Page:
Thu | Aug 16, 2018

'Hold strain'

Published:Sunday | September 28, 2014 | 12:00 AM

Erica Virtue, Senior Gleaner Writer

Hundreds of farmers waiting nearly a year on payment for cocoa supplied to the Cocoa Industry Board (CIB) are being urged to hold strain for a bit longer as the board is waiting for payment from overseas business partners.

Farmers have described the wait as onerous and fear that the CIB, which is in divestment talks, may be bankrupt and they may never get paid.

But permanent secretary in the Ministry of Agriculture and Fisheries, Donovan Stanbury, says the Government will honour all outstanding payment to farmers irrespective of how long the wait.

"I know there are some problems, but this is not a case where the farmers will not be paid. The board paid $5m to farmers (last) Monday and we owe a balance of $6.5m. So the Cocoa Industry Board is not bankrupt," said Stanbury as he expressed sympathy and apologised to the farmers for the long wait.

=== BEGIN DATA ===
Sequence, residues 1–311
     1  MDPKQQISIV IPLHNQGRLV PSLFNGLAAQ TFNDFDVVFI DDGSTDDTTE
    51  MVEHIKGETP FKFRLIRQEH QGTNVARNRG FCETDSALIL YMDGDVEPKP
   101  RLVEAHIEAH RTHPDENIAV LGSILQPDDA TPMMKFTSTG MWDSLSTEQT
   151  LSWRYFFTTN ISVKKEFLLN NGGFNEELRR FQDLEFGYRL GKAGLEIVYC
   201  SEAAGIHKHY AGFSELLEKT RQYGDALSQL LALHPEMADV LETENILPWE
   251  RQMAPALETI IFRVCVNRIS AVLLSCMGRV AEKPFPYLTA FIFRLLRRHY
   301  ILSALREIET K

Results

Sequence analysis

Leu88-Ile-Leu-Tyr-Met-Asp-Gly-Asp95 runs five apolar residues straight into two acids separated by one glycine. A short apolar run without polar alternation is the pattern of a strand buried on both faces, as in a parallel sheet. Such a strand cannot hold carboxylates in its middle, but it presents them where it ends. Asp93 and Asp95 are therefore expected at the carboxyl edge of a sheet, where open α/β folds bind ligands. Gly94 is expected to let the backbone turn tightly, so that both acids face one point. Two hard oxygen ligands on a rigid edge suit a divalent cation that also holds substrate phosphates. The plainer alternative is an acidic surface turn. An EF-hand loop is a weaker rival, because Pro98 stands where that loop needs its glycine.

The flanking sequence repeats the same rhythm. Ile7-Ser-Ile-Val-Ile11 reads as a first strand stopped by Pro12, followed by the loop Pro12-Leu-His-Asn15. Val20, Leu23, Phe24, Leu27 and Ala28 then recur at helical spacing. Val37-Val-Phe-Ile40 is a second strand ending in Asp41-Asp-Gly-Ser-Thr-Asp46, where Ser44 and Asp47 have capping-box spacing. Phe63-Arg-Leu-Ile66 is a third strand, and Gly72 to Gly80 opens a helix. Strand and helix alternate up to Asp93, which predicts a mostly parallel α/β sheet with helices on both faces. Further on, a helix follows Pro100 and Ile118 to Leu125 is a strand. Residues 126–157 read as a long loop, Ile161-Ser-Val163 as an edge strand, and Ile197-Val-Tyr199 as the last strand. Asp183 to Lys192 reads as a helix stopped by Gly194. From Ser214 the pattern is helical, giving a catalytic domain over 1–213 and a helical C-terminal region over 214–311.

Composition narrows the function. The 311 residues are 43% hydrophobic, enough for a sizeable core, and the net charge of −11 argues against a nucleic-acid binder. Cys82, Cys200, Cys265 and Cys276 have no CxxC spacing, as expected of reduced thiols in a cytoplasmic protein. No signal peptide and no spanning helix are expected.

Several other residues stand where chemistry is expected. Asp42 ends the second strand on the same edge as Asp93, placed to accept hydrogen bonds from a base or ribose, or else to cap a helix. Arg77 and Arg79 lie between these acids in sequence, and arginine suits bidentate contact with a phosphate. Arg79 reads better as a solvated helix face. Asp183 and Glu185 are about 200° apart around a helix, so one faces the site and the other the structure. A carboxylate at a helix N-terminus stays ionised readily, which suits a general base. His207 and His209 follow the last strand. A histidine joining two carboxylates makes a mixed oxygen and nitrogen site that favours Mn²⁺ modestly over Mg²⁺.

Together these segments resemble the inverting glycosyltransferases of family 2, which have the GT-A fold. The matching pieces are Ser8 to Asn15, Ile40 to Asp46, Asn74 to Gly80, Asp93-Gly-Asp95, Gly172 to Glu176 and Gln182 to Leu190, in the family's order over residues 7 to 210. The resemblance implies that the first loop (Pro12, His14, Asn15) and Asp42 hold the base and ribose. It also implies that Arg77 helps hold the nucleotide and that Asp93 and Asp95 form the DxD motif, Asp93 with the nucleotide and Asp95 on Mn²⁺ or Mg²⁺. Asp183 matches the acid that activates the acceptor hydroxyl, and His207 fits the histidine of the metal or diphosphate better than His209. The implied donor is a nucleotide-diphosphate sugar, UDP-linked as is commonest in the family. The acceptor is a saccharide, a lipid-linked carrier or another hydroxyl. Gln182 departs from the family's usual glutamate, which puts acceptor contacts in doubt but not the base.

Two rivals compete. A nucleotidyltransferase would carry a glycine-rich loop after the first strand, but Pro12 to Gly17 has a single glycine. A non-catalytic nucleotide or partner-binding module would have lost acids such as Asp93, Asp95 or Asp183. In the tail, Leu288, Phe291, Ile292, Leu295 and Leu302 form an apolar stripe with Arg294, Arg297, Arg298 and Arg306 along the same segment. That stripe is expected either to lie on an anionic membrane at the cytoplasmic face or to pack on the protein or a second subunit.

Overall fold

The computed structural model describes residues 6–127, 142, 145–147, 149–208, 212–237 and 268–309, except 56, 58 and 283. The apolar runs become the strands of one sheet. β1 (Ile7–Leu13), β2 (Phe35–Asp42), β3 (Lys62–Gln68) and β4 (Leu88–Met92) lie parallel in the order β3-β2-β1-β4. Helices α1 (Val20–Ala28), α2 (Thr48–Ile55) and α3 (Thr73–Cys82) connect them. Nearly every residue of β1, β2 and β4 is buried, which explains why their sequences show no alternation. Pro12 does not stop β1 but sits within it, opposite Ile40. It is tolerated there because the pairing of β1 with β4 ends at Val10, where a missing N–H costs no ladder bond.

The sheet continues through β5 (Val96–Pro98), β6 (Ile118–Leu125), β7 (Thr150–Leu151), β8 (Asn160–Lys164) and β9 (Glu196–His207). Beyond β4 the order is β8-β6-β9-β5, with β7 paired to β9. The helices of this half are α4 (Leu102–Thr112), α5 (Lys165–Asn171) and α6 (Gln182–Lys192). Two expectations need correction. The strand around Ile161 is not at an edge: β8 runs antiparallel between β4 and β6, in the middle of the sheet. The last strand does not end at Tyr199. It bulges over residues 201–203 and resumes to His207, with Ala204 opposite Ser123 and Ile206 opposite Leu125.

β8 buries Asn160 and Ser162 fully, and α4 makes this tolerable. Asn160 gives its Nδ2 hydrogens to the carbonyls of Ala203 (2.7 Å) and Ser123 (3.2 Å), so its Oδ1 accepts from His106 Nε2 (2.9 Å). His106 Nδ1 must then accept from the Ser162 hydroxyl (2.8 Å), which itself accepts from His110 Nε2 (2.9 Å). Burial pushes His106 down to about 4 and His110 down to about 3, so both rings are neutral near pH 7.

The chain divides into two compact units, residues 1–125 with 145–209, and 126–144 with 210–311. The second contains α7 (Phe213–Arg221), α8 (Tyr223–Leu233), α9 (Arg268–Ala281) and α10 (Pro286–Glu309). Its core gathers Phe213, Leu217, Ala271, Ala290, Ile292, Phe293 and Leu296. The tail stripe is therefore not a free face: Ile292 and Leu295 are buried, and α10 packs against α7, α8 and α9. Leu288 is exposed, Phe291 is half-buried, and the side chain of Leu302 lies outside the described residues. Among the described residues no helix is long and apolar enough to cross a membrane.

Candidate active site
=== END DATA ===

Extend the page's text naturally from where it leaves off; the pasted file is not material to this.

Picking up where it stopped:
"We have enough receivables to pay the farmers. But they have to understand that when they supply the cocoa, the suppliers here have to wait on the overseas buyers to pay them before they can pay the farmers. This how it goes," added Stanbury.

Cocoa farmers have complained to The Sunday Gleaner of being in limbo after hearing no word from suppliers to whom they sold cocoa more than eight months ago.

According to the farmers, there has been a perennial delay in payment for cocoa over the years. However, Stanbury said the board had cleared a backlog owed to the farmers some time ago.

"I know a significant part of the backlog was cleared. But I can't say how far the backlog went and how much was paid."

According to Stanbury, "From time to time, a short-term line of credit is secured to pay farmers, but I don't know what is the situation with the last crop. The board will not go bankrupt because it does not pay on a timely basis."

The Government is seeking to divest itself of the commercial assets of the CIB and talks are under way. The acting agriculture minister, Derrick Kellier, announced recently that the Development Bank of Jamaica is overseeing the divestment, which is expected to be completed shortly.

While not putting a timeline on the completion of talks, Stanbury said he was hopeful that they would be completed by the end of this financial year.

Cocoa farmers urged to wait a bit longer for payments